Heads of Government and Foreign Ministers from almost every country in the world are meeting in New York this week for the 77th UN General Assembly. Complex, interconnected crises, including the consequences of the COVID-19 pandemic, Russia’s war of aggression against Ukraine, the climate crisis and the growing concerns about the state of the global economy are challenging the international community.
Federal Chancellor Olaf Scholz and Foreign Minister Annalena Baerbock will represent Germany at numerous events in New York
Not a “normal” General Assembly
“A watershed moment: transformative solutions to interlocking challenges” is the motto of the 77th General Assembly, which is needed more than ever as a central forum where interlocutors can move closer towards one another, engage in dialogue and listen to one another.
Before leaving for New York, Foreign Minister Baerbock said:
Like many others, I would have liked nothing more than for this summit of the international community to be taking place under different, more peaceful circumstances. These days, we need the United Nations more than ever. And we need it for what it truly stands for: listening to each other with respect and understanding, united in our belief in the fundamental values of the UN Charter, such as the renunciation of violence, the sovereign equality of all states and international cooperation. And we need the United Nations in order to find common solutions to global problems – so that no country must live in fear that a stronger neighbour will attack it.
The brutality of Russia’s war of aggression and its threat to Europe’s peaceful order do not obscure our view of the fact that its dramatic impacts are even more severe in many regions of the world. That’s why I will use the numerous events and discussions in the coming week to focus on the issues and concerns of our partners in Africa, Asia, Latin America and the Arab world – to talk about concrete solutions with those who are most affected by climate change and the food crisis. After all, we have a responsibility not only for Europe, but together for the whole world.
(The press statement can be found here)
A multidimensional crisis as a result of Putin’s war in Ukraine
With his war, Putin has not only brought immeasurable suffering to the people in Ukraine. The price shock on the grain market means that the food situation for many millions of people who are hit particularly hard by the food crisis has deteriorated. This is exacerbated by uncertainties with regard to energy supply and debt and a precarious global economy. As a permanent member of the United Nations Security Council, Russia has a particular obligation to abide by the Charter of the United Nations and maintain peace in the world. Russia is not living up to this responsibility. Instead, it is riding roughshod over the foundations of the United Nations.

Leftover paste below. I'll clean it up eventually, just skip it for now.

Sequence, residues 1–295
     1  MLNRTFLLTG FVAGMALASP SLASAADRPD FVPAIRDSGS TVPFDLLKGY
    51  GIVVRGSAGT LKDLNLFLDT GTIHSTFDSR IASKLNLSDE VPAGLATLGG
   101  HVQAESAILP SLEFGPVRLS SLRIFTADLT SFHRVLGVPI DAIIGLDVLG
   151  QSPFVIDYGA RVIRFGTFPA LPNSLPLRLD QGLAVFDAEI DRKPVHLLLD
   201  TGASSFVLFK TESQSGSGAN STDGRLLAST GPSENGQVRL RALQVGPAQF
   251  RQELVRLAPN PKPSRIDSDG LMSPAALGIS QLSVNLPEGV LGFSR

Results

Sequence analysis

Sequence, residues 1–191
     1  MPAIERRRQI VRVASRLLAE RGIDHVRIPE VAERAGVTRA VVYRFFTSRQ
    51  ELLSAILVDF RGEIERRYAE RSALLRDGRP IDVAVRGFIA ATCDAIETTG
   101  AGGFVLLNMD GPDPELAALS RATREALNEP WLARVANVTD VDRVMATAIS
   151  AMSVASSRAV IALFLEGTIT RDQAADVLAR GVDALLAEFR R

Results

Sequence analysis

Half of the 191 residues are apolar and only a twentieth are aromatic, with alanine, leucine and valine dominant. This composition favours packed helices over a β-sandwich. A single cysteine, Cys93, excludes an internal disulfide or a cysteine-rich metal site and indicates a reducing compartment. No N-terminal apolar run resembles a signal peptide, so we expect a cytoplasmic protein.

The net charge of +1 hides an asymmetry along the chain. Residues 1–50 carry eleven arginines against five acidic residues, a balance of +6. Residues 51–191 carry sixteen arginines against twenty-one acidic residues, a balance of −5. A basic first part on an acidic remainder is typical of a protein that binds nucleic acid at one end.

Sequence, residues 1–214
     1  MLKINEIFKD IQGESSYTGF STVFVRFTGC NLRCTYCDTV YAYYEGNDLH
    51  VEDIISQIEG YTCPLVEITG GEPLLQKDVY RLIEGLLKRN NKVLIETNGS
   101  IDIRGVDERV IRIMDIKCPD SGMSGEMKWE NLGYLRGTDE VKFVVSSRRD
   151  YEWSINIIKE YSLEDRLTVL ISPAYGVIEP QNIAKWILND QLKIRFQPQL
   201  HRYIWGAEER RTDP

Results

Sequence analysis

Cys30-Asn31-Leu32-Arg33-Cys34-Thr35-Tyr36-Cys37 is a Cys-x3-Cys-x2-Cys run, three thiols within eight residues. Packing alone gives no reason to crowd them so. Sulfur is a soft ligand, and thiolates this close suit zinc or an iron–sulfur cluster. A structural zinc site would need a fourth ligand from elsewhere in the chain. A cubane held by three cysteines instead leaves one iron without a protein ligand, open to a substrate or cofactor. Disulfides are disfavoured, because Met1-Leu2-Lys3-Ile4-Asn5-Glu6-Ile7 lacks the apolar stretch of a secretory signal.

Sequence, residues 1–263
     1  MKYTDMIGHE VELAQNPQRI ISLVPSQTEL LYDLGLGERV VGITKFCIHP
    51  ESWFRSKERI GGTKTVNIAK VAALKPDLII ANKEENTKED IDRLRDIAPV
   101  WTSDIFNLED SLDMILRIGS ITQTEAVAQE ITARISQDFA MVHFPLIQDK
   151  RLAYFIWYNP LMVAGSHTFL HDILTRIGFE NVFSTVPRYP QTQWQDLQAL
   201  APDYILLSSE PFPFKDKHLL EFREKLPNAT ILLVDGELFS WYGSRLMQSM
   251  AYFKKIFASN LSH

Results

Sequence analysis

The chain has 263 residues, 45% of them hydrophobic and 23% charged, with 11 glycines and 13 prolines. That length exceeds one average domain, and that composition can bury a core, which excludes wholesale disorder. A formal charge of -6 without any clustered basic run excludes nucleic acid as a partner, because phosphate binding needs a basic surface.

Foreign Minister Baerbock will make quite clear in New York that we stand firmly alongside Ukraine and alongside the people throughout the world who are suffering from the impact of Putin’s war. At the same time, Germany is striving to bring about the prosecution of war crimes and human rights violations in Ukraine. Foreign Minister Baerbock will co-host a high-level meeting on this issue in New York. The Foreign Minister will also attend a meeting on the situation with regard to Ukraine’s nuclear power plants and on nuclear safety.
Focus on climate and security
The climate crisis is fuelling all other crises in the world. Serious flooding and storms, rising sea levels but also dry spells and droughts are forcing people in already vulnerable states to leave their homes. This gives rise to armed conflicts over land and food.
In New York, Foreign Minister Baerbock will therefore also hold consultations on how to strengthen particularly hard-hit states in the interests of climate justice. She will also join politicians and civil society to discuss effective approaches to overcoming the humanitarian, security-related and geopolitical impacts of the climate crisis. The main speakers will include representatives of countries under particular threat, such as the Pacific island state of Palau.
Strong engagement for feminist foreign policy
The great challenges of our time cannot be tackled without recourse to feminist diplomacy. After all, “women’s rights are a yardstick for freedom and democracy in our societies. For this very reason, women’s rights are not a women’s issue. They are a human rights issue, a democracy issue and a rule of law issue,” as Foreign Minister Baerbock recently declared.
Within the framework of an event on Feminist Foreign Policy, Foreign Minister Baerbock will therefore also consider the issue of global gender equality and equal participation in politics, business and society, and will shed light on perspectives from various world regions together with her counterparts.
A sharp focus on regional challenges
Many other issues are also on the agenda.
Regional conflicts such as those in the Horn of Africa, the Sahel and the Middle East are ongoing and must not be lost sight of or overshadowed by Russia’s war.
Foreign Minister Baerbock will host a meeting with France, Egypt and Jordan in the Munich format on the Middle East peace process. Together with France, she will also place questions concerning international cyber security on the agenda.
Last but not least, the Foreign Minister will meet foreign ministers from various other countries. Moreover, she will convene a G7 meeting in her role as Presidency and exchange views with Brazil, India and Japan in the Group of Four on reform of the UN Security Council.